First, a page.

GM to Colombian workers injured on the job: You’re on your own

The U.S. blocked entrance to a protest leader, representing hundreds of employees injured in Bogota

Published July 7, 2017 4:00AM (EDT)


This article originally appeared in In These Times.

A long-term protest by workers charging mistreatment by General Motors in Colombia received a slap in the face from the administration of President Donald Trump this month when one of the protest leaders was denied entry into the United States.

Former GM autoworker Jorge Parra was preparing to visit the United States when the U.S. Ambassador to Colombia abruptly cancelled his visa just 20 hours before his flight was scheduled to depart, says Paige Shell-Spurling, an activist with the Portland, Oregon-based Central America Solidarity Committee. The cancellation has not been officially explained, she says, and supporters suspect retaliation for the aggressive protest tactics employed by the Colombians.

Parra was headed to the United States to continue his seven-year struggle to win better treatment for workers injured at the GM plant in the Colombian capital of Bogota. Parra charges that he was among several hundred employees who were unfairly dismissed at the GM Colomotores assembly plant — and then denied financial help in recovering from injuries sustained on the job.

Among the protest tactics are erection of a tent encampment in front of the embassy in Bogota, a corporate pressure campaign aimed at top executives of GM, persistent complaints to U.S. and Colombian government officials and international appeals for grassroots support. This month, the Portland Solidarity Committee continued its long-running support campaign with a trip to Washington, D.C. and Baltimore, assisted in part by a local unit of the Industrial Workers of the World.

“Support from the United States makes it possible,” for protests to continue in front the American Embassy in Bogota, says Shell-Spurling, who translated a phone message from one of the protestors in Colombia during a Baltimore meeting.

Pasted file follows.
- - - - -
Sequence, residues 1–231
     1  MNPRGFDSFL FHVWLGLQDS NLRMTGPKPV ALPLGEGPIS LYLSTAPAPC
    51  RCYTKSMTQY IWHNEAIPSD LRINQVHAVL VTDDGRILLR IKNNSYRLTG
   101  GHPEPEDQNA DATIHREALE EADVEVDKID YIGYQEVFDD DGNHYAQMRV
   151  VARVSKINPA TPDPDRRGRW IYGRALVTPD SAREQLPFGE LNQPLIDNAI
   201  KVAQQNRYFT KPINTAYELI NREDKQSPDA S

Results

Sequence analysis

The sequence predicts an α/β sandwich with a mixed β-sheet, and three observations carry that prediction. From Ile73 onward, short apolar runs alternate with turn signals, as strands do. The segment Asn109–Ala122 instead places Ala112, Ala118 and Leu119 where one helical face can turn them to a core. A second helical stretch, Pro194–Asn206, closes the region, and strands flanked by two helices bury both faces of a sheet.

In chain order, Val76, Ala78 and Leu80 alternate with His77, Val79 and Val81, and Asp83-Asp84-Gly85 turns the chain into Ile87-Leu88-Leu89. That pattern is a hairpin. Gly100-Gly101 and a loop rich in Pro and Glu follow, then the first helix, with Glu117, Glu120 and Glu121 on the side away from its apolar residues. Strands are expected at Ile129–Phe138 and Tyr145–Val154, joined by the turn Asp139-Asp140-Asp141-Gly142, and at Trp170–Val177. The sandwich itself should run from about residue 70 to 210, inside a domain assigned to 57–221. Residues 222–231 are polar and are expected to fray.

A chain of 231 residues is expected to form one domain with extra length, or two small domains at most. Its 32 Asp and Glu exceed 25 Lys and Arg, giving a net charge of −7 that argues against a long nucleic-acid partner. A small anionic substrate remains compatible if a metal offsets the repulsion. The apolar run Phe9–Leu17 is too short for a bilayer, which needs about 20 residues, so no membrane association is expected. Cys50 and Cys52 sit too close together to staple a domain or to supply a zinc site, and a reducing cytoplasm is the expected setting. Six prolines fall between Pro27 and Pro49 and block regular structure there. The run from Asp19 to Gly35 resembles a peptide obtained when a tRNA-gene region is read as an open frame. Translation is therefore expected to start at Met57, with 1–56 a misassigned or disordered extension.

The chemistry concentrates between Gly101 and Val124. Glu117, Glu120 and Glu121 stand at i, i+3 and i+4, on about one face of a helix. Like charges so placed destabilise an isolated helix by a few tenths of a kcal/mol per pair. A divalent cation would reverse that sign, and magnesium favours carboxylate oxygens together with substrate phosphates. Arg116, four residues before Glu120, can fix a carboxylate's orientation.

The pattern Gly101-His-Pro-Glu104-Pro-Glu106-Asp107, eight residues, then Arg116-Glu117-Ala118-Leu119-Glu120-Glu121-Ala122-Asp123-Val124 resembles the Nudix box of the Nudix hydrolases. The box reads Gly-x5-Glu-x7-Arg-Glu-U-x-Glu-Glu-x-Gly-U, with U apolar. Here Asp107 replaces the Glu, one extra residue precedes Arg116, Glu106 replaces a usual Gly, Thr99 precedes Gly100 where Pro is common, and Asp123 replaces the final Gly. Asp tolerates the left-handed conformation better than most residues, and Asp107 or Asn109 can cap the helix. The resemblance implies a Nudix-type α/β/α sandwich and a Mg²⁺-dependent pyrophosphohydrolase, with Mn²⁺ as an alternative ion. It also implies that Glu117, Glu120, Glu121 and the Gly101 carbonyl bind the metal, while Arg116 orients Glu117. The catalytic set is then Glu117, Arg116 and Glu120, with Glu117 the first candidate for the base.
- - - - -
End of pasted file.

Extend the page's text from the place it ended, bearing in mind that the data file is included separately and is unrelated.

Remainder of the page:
Such support has enabled public protests aimed at confronting the multinational corporation’s top executives. Parra attended GM’s annual stockholders’ meeting in 2016, for example, to demand a response from CEO Mary T. Barra. The appearance was followed by a cross-country bicycle tour where activists made unannounced visits to the homes of GM board members. Protestors were at the 2017 stockholders meeting as well, keeping up the pressure on company executives.

Parra is the leader of an organization formed specifically for the GM workers: the Association of Injured Workers and Ex-Workers of General Motors Colomotores (ASOTRECOL). Said to represent hundreds of workers when it was first formed in 2011, the group has dwindled over the intervening years, Shell-Spurling says, as some discouraged workers have given up hope entirely, and others have accepted partial restitution from GM.

GM spokesman Patrick E. Morrissey told In These Times over email that “All allegations over the years have been taken seriously, and GM has devoted substantial and senior resources to conduct numerous investigations.”

“GM addressed the individual cases raised by the form GM Colmotores employees and offered retraining, but they refused the opportunity,” Morrissey continued, adding: “GM has put in place training, funding, and other resources so the Asotrecol members can return to productive work again and care for their families.”

Shell-Spurling brushes aside GM’s statements, charging that the company has spent years denying the problem, or making insincere offers of partial restitution. GM exercises strong political influence in both the United States and Colombia, she adds, and the governments of both countries have generally supported GM in the struggle with ASOTRECOL. She cited the action of U.S. Ambassador Kevin Whitaker to cancel Parra’s visa a prime example of such support.

Although there has been no confirmation, Paige says there is some suspicion that Parra’s visa cancellation may have been related to a meeting that had been scheduled this month with U.S. Sen. Ron Wyden D-Ore. The Portland Solidarity Committee had pressed for the meeting, Shell-Spurling says, in hopes that Sen. Wyden’s attention would spur GM to finally settle with all the injured workers.

The long ASOTRECOL campaign has been dispiriting at times, but the injured workers take satisfaction in the belief the Colombian auto workers currently employed at GM are reaping some benefit, Shell-Spurling concludes. There is renewed attention to safety at the plant, she says, and GM plant managers are far less likely to unfairly dismiss injured workers as they had been before.

Even so, the goal of a fair settlement for the remaining injured workers shows no signs of being met anytime soon.

By Bruce Vail

Bruce Vail is a Baltimore-based freelance writer with decades of experience covering labor and business stories for newspapers, magazines and new media. He was a reporter for Bloomberg BNA's Daily Labor Report, covering collective bargaining issues in a wide range of industries, and a maritime industry reporter and editor for the Journal of Commerce, serving both in the newspaper's New York City headquarters and in the Washington, D.C. bureau.

MORE FROM Bruce Vail